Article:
The Motorola Razr packs impressive specs inside a super-slim body that's bound to appeal to the fashionistas who want the latest tech in their skinny jeans. Sadly, it's not running the latest version of Android and it's unlikely that an update will be along before 2012.
While it may be packing powerful components, it's not giving you a boost in performance over the Samsung Galaxy S2. As you can get the latter handset for free on cheaper contracts, it's difficult to recommend the Razr over Samsung's offering.
When ranked alongside the latest mid-range Android efforts, the BlackBerry Curve 9360 comes across as a disappointment. There's no touchscreen, dual-core processor or HD video recording. The selection of apps available to download is lacklustre.
However, when compared to previous Curve phones, the 9360 cannot be seen as anything other than a massive improvement. The super-thin design is gorgeous and BlackBerry OS 7 runs as smoothly as silk -- despite the humble nature of the 800Hz CPU. BlackBerry Messenger 6 is as great as ever and is sure to keep many a text-loving teen loyal to the brand.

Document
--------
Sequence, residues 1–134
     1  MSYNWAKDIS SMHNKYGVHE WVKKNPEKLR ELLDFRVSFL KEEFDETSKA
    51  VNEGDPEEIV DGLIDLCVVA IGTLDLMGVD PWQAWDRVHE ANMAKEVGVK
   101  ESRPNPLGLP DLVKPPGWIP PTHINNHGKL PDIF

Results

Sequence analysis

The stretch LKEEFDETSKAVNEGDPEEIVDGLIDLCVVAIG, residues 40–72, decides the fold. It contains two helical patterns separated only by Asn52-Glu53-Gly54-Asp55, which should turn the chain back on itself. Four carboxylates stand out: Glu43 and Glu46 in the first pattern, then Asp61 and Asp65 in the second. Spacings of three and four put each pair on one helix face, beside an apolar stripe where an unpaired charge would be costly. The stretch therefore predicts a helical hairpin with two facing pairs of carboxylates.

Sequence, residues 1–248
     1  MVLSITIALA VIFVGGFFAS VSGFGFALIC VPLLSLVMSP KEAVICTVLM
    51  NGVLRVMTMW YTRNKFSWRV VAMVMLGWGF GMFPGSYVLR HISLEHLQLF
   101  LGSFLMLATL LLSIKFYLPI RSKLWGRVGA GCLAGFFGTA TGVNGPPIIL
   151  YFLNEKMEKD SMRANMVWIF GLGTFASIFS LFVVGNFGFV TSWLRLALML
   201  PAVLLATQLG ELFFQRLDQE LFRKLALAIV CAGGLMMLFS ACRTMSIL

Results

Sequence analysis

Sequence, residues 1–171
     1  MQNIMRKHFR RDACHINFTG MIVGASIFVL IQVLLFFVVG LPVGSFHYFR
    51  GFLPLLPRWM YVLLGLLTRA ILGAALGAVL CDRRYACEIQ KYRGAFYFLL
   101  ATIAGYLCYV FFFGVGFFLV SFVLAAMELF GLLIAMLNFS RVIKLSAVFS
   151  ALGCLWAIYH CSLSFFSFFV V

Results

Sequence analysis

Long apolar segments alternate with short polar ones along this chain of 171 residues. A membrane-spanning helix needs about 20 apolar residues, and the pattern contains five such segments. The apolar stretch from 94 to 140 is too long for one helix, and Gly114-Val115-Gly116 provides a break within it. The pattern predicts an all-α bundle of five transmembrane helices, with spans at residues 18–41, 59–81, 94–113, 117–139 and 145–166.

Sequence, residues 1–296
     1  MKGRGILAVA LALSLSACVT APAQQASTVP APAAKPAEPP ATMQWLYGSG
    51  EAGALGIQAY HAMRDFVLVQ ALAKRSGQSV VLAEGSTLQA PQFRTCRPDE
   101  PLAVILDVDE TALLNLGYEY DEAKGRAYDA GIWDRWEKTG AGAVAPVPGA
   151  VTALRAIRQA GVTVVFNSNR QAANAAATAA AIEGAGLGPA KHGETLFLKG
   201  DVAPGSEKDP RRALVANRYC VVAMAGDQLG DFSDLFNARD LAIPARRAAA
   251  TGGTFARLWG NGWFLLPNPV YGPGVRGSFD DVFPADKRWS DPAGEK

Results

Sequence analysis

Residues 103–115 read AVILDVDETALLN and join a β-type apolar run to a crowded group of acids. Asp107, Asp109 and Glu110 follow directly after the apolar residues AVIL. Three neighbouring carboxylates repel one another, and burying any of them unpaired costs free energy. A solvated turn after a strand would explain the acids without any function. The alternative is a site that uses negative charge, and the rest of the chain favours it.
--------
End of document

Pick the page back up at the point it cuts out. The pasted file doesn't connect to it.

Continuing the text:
But therein lies the problem -- RIM is effectively preaching to the converted. There's little here that is likely to appeal to anyone who doesn't already own a BlackBerry device. While the company should be commended for improving on its previous efforts, it arguably should be looking at what Google's hardware partners are up to in the mid-range market.
That 2.44-inch screen looks weedy next to the 4-inch display of the Xperia Play, but it has a high pixel density.
Phones such as the Sony Ericsson Xperia Ray and Xperia Neo cost around the same price as the Curve 9360, yet they offer more power, larger displays -- touchscreens, to boot -- and a wider range of games and applications.
Having said that, the 9360 is unquestionably the best Curve yet. That is likely to be all that matters to hardcore BlackBerry fans shopping on a budget.
For those of you who are unsure, we'd highly recommend that you take a look at what Apple and Google are offering right now before laying down your moolah.